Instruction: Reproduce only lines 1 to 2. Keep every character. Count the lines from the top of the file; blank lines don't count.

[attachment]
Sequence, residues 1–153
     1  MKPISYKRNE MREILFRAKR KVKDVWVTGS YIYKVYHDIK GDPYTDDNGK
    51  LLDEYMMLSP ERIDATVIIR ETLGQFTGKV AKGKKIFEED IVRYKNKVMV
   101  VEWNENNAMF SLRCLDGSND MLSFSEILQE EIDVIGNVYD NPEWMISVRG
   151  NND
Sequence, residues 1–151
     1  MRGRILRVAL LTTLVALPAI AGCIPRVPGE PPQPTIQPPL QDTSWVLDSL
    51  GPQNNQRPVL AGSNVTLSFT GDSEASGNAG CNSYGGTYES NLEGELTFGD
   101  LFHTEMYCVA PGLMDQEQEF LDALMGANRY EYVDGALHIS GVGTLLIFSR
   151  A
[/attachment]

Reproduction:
Sequence, residues 1–153
     1  MKPISYKRNE MREILFRAKR KVKDVWVTGS YIYKVYHDIK GDPYTDDNGK